Departments: Family: Doesn’t Mom Look Great?

But the reality is, she’s 85. And it’s time to have a conversation about dying, and death — the talk none of us wants to have

Mom remembers being stuck in bed on Osborne Avenue with scarlet fever in 1932, and as night fell, hearing newsboys running through the streets yelling: “Extra! Extra! Read all about it! Lindbergh Baby Kidnapped!” Lord, she’s lived a long time.

At the cemetery, I say I have something I want to tell her. It’s something I’ve never said, and when I do, my mother cries behind big round sunglasses that always remind me of Jackie Kennedy.

I tell her she has been a wonderful spitfire of a mother to me.

“It’s not death I fear,” Mom told me one day recently. “It’s getting there.”

She means, of course, that she’s afraid of pain and suffering. Aren’t we all. As things between my mother and me have abruptly shifted, I have a revelation on why I sat around, for a few years there, more or less believing that my mother would live on forever, more or less ignoring her: because I didn’t want to acknowledge being next in line. Once your parents are gone — my dad’s been dead 16 years — you’re it. I don’t mean that I’m afraid of dying, either, because I’m like most red-blooded Americans. I’ll concede that I’m probably not going to live forever, but the end is nowhere in sight (only 56!). Being the last man standing, that’s lonely. Painfully so. Which is just the sort of thinking that — not to put too fine a point on it — made me a child in how I avoided my mother.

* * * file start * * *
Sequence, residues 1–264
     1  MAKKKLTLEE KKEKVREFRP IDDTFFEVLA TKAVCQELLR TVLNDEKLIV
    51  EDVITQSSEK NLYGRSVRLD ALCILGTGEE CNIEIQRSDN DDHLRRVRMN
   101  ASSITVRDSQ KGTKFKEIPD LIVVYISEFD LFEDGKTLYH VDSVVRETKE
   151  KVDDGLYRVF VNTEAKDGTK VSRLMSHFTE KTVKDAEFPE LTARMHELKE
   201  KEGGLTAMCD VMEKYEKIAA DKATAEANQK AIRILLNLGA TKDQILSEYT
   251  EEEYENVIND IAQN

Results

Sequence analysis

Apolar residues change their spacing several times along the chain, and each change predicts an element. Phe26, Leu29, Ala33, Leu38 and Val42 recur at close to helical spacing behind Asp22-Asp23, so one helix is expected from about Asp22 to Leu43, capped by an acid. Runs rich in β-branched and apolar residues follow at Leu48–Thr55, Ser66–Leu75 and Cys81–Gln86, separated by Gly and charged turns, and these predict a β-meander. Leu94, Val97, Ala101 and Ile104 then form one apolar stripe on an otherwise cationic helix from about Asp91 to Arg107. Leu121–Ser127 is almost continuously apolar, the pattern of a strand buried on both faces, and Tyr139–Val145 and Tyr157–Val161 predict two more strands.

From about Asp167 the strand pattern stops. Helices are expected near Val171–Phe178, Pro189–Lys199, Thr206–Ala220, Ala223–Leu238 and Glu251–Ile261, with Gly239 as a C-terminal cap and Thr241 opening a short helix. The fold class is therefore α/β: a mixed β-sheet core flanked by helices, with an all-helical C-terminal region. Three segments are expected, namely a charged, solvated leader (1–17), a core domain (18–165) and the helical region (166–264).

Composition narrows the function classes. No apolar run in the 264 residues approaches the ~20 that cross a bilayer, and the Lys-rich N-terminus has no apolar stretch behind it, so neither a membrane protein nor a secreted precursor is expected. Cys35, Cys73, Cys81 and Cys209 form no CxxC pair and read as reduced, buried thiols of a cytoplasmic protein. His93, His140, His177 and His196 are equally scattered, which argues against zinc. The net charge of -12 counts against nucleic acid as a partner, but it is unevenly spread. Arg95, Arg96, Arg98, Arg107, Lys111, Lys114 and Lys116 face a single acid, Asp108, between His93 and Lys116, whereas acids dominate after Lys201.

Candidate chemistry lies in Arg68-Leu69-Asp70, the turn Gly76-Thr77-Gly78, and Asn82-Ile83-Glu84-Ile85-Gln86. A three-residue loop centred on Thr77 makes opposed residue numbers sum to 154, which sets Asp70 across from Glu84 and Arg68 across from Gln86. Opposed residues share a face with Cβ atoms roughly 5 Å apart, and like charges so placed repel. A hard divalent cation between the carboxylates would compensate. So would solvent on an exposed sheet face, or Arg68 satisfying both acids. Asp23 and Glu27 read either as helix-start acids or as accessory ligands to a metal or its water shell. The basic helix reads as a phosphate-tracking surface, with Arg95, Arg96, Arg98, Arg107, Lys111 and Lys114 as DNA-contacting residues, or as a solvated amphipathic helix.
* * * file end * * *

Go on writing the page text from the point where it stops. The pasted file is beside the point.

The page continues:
Another theory: My story is a microcosm of our national paranoia over death.

Baby boomers like me, and the alphabet generations following mine, have had a very slow introduction into becoming true adults. We’re coddled, and endlessly optimistic. As Tom Cole, an expert on aging at the University of Texas, put it to me: “We do live our lives pretty well anesthetized against death. And more and more, we see aging as a disease we can conquer.”

Well — no. We can’t. And knowing that, really knowing that, is a good thing.

Because, finally, it’s not lost on me that my new understanding of how dear my mother is to me comes with the grandest irony: It arrived by way of considering her demise.

These days, I’m checking in on Mom every other day or so. Pennswood has her in physical therapy, since she strained her back when she blacked out and fell. “Once they’ve got their fingers in you,” she says of medical people, “they never let go.”

Ah yes — she and I know better than doctors, don’t we. We share a good dry laugh over that.